The Power Plan comes with an up-to-date version of MySQL and support for up to 50 separate databases (Dada Mail will require just one). PostgreSQL is also available, if you wish to go that route.


Perl on this hosting plan is very much up-to-date. Dada Mail requires at the very least v5.10.1 of Perl, and v5.16.3 is available by default. Having an up to date Perl makes more features available, gives you the best performance, and an up-to-date Perl means less worry about bugs or security problems. Kudos for this, as many cPanel-based hosting accounts lag behind with older versions of Perl offered by default – either v5.10.1, or a supremely ancient v5.8.8. Yuck!

Perl Module Installer w/Compiler Support

Along with an up-to-date Perl, the Perl Module Installer is also enabled in InMotion’s offerings, which  itself has support to install modules that may need compilation. This tool is the easiest way for a casual user to tap into the most advanced features of Dada Mail which require the additional installation of freely available Perl modules.

Features like CSS Inlining, Google reCAPTCHA, Amazon SES Sending, Send a Webpage support (and may more) rely on Perl modules that are outside the standard Perl library. With this tool, you can easily install them.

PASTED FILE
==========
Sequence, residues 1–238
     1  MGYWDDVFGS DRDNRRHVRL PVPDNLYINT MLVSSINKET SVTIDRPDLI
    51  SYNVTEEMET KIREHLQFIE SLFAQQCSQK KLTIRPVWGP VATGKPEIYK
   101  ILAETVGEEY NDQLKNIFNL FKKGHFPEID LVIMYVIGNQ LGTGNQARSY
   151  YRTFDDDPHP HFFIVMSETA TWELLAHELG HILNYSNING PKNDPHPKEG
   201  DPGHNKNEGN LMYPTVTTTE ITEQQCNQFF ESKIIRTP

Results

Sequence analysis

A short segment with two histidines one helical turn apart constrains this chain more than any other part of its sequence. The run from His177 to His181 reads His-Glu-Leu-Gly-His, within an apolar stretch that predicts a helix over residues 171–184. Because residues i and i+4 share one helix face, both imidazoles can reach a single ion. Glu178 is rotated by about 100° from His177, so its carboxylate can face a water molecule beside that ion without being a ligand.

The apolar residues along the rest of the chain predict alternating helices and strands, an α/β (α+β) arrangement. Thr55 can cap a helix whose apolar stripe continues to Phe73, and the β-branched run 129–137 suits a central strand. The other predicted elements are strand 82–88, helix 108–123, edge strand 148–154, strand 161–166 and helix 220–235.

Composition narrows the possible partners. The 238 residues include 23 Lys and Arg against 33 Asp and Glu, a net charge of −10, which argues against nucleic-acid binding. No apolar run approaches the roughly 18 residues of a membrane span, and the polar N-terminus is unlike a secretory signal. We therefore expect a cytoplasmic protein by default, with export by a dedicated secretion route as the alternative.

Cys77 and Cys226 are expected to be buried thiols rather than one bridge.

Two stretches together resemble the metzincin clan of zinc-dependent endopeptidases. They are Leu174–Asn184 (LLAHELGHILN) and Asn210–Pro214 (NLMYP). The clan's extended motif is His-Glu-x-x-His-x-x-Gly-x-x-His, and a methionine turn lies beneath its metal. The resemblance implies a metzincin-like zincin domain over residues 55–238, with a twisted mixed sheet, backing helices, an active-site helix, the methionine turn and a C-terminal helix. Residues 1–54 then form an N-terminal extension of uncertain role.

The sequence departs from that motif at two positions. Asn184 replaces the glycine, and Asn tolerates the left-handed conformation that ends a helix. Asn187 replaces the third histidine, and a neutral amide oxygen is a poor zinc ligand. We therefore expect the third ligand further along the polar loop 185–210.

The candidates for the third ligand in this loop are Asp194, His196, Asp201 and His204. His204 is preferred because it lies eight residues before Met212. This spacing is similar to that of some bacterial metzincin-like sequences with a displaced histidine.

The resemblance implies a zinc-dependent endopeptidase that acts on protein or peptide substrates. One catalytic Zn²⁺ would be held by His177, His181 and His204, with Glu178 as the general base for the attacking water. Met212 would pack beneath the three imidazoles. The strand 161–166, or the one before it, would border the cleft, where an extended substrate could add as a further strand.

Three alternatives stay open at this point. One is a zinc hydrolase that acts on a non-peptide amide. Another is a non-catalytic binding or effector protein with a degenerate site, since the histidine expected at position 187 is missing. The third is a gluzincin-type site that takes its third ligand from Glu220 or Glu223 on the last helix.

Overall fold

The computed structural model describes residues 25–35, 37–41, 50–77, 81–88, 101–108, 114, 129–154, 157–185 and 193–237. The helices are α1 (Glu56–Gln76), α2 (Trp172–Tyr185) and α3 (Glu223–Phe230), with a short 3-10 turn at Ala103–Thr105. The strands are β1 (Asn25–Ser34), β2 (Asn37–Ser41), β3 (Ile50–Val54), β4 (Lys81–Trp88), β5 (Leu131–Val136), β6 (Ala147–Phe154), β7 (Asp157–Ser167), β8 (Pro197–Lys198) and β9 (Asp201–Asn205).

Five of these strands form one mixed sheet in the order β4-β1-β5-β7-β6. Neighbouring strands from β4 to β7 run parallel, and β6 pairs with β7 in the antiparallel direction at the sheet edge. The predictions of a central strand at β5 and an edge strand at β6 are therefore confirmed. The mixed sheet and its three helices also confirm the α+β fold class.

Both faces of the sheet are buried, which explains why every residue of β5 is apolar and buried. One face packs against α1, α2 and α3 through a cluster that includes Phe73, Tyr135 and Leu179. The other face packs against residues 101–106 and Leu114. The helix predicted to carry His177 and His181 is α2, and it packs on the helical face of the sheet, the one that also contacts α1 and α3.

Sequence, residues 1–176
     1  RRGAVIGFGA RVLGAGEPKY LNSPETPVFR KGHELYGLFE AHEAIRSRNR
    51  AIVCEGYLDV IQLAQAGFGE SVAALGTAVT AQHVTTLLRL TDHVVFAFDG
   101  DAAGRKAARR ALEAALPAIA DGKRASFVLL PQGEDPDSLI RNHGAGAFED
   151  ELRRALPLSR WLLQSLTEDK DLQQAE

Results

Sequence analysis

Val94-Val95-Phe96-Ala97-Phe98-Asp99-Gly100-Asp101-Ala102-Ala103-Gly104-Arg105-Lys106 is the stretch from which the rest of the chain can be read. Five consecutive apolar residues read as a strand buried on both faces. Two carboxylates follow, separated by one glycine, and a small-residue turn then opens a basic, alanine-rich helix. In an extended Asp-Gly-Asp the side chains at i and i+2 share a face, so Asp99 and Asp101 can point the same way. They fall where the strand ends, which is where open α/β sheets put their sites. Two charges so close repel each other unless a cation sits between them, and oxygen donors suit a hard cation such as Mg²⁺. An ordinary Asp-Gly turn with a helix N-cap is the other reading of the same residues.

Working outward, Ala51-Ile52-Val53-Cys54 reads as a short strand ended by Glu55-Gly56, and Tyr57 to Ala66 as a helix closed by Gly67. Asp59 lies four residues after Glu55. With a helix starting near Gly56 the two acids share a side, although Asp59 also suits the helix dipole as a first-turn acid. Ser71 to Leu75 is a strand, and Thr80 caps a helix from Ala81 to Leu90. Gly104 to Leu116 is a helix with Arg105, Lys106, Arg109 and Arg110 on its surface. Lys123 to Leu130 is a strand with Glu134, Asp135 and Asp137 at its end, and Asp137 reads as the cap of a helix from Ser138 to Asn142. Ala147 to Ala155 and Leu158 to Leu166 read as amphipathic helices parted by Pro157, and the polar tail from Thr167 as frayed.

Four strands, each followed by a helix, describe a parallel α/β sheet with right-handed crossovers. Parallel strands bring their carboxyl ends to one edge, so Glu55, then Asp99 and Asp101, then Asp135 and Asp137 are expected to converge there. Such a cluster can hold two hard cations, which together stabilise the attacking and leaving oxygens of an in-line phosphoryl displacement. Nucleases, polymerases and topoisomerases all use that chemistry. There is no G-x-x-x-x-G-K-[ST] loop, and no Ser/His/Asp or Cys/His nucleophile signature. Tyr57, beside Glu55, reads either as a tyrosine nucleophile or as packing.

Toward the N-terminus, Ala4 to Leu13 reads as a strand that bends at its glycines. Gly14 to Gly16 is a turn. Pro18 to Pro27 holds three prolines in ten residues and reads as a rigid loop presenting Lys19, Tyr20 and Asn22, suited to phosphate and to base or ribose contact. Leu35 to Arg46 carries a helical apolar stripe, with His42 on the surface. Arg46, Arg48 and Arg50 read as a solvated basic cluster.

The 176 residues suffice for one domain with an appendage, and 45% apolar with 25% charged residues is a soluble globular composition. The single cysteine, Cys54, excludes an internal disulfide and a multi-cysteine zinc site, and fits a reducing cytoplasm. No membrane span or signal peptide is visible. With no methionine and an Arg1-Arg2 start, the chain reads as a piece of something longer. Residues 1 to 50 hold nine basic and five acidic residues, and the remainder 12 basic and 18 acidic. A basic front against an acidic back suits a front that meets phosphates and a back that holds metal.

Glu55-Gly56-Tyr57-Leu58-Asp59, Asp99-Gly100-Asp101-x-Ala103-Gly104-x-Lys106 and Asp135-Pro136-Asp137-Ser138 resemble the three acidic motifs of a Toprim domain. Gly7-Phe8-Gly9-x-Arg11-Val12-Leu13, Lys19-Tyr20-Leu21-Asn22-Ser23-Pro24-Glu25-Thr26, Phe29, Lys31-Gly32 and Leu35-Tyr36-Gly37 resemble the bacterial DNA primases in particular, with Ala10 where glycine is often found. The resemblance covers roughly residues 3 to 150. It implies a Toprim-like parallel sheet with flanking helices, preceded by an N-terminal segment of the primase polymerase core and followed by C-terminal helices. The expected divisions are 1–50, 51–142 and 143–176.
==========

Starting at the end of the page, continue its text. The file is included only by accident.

DNS Zone Editor

The DNS Zone Editor is also available, which becomes important when you would like to set up Sending with Amazon SES, and would like as well to set up proper SPF and DMARC records. Using Dada Mail with Amazon SES sending is one of the most cost-effective ways to run your mailing list, by far, and InMotion Hosting’s Power Plan will support everything you need.


Cronjob support: check!

One-Click Installer!

If the installation of Dada Mail leaves you a little too breathless to want to take on yourself, InMotion Hosting also comes with an Installer for Dada Mail, with a pretty up-to-date version of Dada Mail available, which I think is powered by Softaculous. I’ve seen one-click installers that offer increasingly old, and out of date versions of Dada Mail, so it’s a nice change to see this one-click installer do the right thing, and keep current.